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Creating Cities Probably Didn’t Shrink Humanity’s Brains, Despite Claims

The contention the human brain shrank sharply around 3,000 years ago, coinciding with the establishment of cities, has captured popular and scientific imagination, but new evidence suggests it never happened.

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Stephen Luntz

Freelance Writer

clockAug 8 2022, 10:47 UTC
two human skulls
Researchers dispute claims that millions of years of growth in the human brain reversed when we started building cities and writing things down. Image Credit: JITD/Shutterstock.com

Many things can shrink your brain: Living in Antarctica, exposure to pollution, alcohol, and COVID-19, for example. However, living in cities isn’t one of them, at least not 3,000 years ago – that’s the conclusion of a new reassessment of data that was previously used to claim human brain size took a dive about the time large urban areas appeared.

Anthropologists have tracked the interior size of human ancestors’ skulls over millions of years as a proxy for intelligence. They have concluded brain size expanded slowly since our last common ancestor with chimpanzees five million years ago, and then accelerated around 2 million years ago.

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Last year, however, a paper gained considerable attention for saying this increase reversed in the 12th century BCE, around the time that urban living became widespread. Plenty of people have argued over the implications of this, but a paper in Frontiers in Ecology and Evolution challenges the idea it happened at all.

The idea of a substantial reduction in brain size has been proposed in several papers recently, but the timing and cause were considered uncertain. Dartmouth College’s Professor Jeremy DeSilva and co-authors used a sample of 987 skulls from museum collections to date the decline to 3,000 years ago. They attributed the shrinkage to the development of technologies like writing, which meant that people didn’t need to remember as much. Likewise, the development of cities meant people could specialize more, possibly expanding their brains in the areas responsible for specific skills they used frequently, while sections involved with capacities they outsourced to others could atrophy.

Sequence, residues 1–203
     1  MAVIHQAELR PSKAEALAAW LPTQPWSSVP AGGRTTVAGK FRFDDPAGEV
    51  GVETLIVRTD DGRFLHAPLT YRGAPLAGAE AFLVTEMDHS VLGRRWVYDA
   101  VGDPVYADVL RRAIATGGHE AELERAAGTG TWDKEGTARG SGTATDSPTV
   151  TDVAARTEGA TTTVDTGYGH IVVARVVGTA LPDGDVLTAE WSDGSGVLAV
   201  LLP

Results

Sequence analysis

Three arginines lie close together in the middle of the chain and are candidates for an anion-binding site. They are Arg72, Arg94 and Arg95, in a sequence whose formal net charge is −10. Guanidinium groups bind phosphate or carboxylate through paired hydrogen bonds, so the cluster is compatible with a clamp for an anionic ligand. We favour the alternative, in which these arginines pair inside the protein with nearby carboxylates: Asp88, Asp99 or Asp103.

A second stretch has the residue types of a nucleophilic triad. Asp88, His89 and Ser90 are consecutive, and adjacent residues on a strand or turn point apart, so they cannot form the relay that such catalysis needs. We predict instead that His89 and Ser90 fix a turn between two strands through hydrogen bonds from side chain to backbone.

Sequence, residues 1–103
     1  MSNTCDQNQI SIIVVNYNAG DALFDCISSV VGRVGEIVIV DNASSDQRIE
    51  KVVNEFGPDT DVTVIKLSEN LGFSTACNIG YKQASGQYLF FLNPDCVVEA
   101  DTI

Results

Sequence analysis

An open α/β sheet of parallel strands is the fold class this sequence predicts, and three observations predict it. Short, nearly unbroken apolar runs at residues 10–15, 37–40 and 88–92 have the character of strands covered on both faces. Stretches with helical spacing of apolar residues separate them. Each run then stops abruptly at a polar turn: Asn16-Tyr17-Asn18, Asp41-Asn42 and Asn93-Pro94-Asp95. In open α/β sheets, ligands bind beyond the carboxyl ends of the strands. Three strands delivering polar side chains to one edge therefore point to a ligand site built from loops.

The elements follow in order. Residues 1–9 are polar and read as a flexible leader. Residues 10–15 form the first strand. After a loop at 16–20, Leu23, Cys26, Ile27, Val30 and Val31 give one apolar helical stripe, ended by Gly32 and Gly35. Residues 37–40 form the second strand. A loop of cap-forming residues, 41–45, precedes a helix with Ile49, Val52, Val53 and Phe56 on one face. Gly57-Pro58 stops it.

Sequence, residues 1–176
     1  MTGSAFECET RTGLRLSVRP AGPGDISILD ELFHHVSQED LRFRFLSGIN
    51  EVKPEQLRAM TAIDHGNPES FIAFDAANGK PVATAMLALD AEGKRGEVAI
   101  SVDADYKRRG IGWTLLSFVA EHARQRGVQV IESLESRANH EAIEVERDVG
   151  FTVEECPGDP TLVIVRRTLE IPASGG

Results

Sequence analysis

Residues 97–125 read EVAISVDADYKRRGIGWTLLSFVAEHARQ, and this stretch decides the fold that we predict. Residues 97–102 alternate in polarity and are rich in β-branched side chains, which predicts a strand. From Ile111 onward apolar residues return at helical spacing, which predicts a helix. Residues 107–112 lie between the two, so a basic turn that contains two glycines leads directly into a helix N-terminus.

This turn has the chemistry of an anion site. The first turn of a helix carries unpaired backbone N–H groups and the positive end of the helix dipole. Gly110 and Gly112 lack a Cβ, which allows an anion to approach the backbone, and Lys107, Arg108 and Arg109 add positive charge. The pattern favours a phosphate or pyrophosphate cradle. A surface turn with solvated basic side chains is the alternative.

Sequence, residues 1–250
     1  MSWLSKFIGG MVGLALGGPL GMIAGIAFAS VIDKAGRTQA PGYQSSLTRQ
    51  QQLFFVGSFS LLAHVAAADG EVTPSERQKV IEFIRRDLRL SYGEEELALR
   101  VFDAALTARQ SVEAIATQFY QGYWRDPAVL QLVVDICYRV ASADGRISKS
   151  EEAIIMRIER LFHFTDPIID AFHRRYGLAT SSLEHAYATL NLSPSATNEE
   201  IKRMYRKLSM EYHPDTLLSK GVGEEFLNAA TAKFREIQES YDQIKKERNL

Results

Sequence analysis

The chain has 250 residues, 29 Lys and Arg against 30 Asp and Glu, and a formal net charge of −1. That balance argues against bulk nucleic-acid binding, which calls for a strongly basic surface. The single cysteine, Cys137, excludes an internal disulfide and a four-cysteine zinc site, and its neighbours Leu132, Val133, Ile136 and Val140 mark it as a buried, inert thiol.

"We re-examined the dataset from DeSilva et al. and found that human brain size has not changed in 30,000 years, and probably not in 300,000 years," Dr Brian Villmoare of the University of Nevada said in a statement. "In fact, based on this dataset, we can identify no reduction in brain size in modern humans over any time-period since the origins of our species."

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Despite claims for declines in human cranial capacity dating back over forty years, there were some obvious problems with the evidence provided. Writing and large metropolises appeared at different times around the world – if they were the cause of brain shrinkage, that should have shown up a lot earlier in Egypt, for example, than places where even agriculture wasn’t widespread until much later. 

Villmoare and co-author, Liverpool John Moore University’s Dr Mark Grabowski, point out that DaSilva’s skulls were from widely varied locations, with no allowance made for the state of civilization there at the time.

They also note that while 987 looks like a good sample size at first, half the skulls come from the last century. That leaves 500 specimens to span a range from 9.8 million years ago, before Australopithecines had evolved, let alone humans, to the 19th century. The period from 5,000-1,000 years ago was represented by just 23 skulls – certainly inadequate for sweeping conclusions given how variable any population can be.

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The average size of the recent skulls in DeSilva’s database is noticeably below most other estimates for the modern average.

The question of whether living in complex societies shrunk our brains may appear interesting, but not particularly pertinent. However, measuring brain capacity has a long and ugly history, with dubious statistics being used to justify horrors such as slavery.

Recent years have seen an uptick in attempts to rehabilitate racism based on measures such as skull shape. DeSilva and co-authors’ intentions may have been entirely innocent, but drawing big conclusions based on insufficient samples can open the doors to those with more malevolent objections. 


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